Irish-based pilots at airline giant Ryanair have voted unanimously to accept an agreement on improved working conditions after a series of strikes over the summer, their trade union said Wednesday.
Pilots who are members of the Irish Air Line Pilots' Association have backed a "tentative" deal which covers base transfers, command upgrades and related seniority principles, IALPA said in a statement.
The development follows talks between pilots' representatives and company management.
"Today's results show that 100 percent of pilots believe this proposal to be the first step towards providing transparency and fairness for Ryanair pilots while also assisting Ryanair in recruiting and retaining pilots in the future," the union said.
Ryanair welcomed the news, adding it would now reconsider plans -- announced in July -- to slash its Dublin fleet from 30 to 24 aircraft.
"We will now bring this agreement to our board and will ask them to reconsider their decision to rebase six aircraft away from Dublin this winter," it said in a statement.
"We expect that the board will meet to discuss this welcome development in the coming days."
Wednesday's deal comes after Italian pilots last week approved an agreement on improved working conditions with the strike-hit Irish no-frills airline.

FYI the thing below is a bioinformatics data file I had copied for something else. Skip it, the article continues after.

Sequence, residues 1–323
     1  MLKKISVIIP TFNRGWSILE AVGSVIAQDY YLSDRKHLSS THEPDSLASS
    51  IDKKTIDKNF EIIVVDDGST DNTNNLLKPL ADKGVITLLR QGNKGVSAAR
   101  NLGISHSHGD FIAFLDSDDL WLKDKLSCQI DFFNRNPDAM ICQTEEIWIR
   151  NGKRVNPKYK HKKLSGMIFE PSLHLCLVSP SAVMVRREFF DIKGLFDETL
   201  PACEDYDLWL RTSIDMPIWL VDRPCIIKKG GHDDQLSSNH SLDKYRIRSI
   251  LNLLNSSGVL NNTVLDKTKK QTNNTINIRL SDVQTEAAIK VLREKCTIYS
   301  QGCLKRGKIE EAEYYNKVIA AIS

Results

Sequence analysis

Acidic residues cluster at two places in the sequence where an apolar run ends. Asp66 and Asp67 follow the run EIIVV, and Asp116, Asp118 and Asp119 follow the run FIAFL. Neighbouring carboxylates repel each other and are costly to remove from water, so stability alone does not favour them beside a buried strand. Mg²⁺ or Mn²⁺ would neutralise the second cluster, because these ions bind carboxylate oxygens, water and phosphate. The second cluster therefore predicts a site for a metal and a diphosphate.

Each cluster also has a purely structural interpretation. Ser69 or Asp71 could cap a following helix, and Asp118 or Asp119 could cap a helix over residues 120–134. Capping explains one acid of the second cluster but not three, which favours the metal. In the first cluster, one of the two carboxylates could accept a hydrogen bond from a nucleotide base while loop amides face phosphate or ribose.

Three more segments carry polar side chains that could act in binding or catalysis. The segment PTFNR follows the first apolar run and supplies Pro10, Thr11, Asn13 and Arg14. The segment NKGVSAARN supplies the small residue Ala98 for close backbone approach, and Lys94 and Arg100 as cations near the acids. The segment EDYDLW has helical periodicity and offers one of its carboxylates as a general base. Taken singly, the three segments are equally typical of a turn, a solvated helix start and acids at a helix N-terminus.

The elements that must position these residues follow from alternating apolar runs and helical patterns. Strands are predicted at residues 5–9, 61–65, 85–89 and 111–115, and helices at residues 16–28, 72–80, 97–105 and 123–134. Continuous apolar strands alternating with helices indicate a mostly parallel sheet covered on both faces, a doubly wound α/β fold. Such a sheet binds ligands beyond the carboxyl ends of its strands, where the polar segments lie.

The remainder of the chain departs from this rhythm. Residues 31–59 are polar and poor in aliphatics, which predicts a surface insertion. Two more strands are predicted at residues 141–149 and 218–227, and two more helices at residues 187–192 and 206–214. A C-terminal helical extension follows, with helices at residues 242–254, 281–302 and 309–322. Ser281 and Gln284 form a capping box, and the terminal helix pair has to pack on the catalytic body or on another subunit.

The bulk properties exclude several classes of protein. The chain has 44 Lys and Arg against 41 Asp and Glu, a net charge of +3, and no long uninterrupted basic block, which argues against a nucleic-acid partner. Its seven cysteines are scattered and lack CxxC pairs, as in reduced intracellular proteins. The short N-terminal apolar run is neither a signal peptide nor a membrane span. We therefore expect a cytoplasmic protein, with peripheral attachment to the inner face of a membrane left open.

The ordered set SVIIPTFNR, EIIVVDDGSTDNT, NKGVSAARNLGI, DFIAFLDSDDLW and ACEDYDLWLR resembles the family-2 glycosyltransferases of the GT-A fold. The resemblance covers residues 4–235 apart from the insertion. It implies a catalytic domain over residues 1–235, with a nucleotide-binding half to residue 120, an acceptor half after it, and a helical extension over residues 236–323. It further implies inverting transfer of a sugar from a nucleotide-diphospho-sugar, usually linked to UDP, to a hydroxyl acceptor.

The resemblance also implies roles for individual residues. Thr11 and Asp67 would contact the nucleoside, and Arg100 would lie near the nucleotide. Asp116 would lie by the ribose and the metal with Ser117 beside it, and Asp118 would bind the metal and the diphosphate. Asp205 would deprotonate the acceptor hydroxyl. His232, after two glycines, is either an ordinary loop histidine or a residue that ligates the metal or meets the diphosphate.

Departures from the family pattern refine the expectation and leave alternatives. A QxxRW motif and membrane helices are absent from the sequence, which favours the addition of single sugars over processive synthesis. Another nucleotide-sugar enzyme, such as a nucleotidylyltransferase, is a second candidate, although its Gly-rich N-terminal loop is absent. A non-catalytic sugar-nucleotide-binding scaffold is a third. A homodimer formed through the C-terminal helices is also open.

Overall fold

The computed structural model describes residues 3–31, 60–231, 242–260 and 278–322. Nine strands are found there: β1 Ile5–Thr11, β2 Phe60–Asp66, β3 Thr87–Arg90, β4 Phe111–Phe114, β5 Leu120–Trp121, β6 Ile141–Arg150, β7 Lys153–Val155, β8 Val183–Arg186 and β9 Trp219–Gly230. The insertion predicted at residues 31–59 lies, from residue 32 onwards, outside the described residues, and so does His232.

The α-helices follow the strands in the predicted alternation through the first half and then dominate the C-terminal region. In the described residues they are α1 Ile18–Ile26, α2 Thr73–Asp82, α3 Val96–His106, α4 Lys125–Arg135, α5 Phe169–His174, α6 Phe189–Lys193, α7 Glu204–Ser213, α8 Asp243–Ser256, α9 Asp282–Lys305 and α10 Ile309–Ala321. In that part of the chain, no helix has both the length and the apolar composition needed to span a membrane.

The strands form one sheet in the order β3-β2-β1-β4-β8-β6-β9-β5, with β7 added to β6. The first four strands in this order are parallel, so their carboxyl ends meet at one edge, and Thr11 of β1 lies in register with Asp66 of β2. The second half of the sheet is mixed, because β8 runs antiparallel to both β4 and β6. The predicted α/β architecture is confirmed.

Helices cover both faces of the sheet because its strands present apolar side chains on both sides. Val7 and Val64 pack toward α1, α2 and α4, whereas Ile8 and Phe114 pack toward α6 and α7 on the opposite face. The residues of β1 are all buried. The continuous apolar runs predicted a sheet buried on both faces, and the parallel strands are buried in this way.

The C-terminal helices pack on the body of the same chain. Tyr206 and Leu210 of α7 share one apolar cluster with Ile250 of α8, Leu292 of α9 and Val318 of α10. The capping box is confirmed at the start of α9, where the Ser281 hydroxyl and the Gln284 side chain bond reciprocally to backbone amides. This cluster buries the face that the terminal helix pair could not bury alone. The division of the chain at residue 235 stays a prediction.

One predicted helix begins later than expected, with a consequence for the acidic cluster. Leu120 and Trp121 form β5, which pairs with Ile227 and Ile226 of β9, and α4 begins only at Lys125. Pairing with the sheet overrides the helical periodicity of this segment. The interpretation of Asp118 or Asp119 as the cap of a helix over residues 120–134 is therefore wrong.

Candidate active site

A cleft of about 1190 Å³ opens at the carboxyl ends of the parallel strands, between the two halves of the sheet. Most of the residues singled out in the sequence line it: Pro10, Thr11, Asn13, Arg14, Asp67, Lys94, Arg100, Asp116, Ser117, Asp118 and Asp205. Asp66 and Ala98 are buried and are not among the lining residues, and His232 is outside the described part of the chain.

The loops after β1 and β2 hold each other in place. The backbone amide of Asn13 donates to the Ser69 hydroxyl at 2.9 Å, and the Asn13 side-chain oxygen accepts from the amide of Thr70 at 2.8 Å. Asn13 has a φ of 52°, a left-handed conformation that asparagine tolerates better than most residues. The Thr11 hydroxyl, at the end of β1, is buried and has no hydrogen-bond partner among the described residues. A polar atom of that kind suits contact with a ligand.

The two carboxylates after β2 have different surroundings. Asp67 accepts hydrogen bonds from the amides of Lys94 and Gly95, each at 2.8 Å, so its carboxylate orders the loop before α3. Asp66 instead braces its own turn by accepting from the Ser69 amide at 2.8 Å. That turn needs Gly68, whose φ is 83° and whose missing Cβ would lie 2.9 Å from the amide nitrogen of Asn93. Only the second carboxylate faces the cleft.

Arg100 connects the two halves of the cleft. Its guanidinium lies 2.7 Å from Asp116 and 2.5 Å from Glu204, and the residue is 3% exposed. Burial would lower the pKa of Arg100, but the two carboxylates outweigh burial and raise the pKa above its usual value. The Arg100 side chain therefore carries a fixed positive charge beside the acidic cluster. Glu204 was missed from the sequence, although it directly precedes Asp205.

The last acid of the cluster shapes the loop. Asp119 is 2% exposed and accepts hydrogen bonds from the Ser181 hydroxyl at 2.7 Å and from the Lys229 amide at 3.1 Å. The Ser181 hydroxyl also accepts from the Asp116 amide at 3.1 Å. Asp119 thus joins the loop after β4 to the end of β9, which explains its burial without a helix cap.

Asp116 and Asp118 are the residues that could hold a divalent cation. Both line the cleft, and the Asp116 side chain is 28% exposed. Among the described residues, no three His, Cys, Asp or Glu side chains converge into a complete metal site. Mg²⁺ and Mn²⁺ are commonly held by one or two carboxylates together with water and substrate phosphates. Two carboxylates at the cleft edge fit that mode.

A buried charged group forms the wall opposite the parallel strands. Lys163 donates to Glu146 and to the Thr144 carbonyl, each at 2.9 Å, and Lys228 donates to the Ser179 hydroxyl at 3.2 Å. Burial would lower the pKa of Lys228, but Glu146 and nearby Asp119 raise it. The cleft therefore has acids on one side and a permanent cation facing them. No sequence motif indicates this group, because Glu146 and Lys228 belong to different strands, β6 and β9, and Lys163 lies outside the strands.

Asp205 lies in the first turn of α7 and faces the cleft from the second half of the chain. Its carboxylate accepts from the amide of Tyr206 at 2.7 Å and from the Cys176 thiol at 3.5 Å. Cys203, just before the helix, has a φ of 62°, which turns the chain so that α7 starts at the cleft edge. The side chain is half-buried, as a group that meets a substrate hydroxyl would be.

The news followed a coordinated 24-hour strike by Ryanair pilots last month that caused the cancellation of hundreds of flights, affecting thousands of passengers.
Analysts gave Wednesday's announcement a cautious thumbs-up after recent turmoil at the group, which is meanwhile due to start charging passengers for cabin bags that do not fit under seats from November 1.
- End of summer of discontent? -
"I think it marks the end of the summer of discontent and the 100-percent vote from the pilots union is a major boost to market confidence," CMC Markets analyst David Madden told AFP.
"Investors can be happy that the Ireland-based pilots issue has been put to bed.
The Ryanair news came a day after Dutch national carrier KLM said it had reached an accord with its pilots for a new wage deal to avert a strike.
Ryanair agreed last week to recognise Ireland-based cabin crew who have union membership, stepping up a drawn-out process to improve workers' conditions and avert fresh strikes.
That followed similar agreements with cabin crew unions in Italy, Germany and the UK.
IG analyst Chris Beauchamp also said it was "good news" for investors.
"It removes one cause of worry, and provides a useful basis for further negotiations -- but the key will be whether it can be broadened out to other nations.
"I would not rush to count chickens until they are hatched."
Accendo Markets analyst Mike van Dulken said the latest development lowered the risk of more costly staff walkouts.
"After the earlier Italian agreement, it’s another step in the right direction, with potential for other national pilots associations to follow, steadily reducing the risk of more disruptive strikes," he told AFP.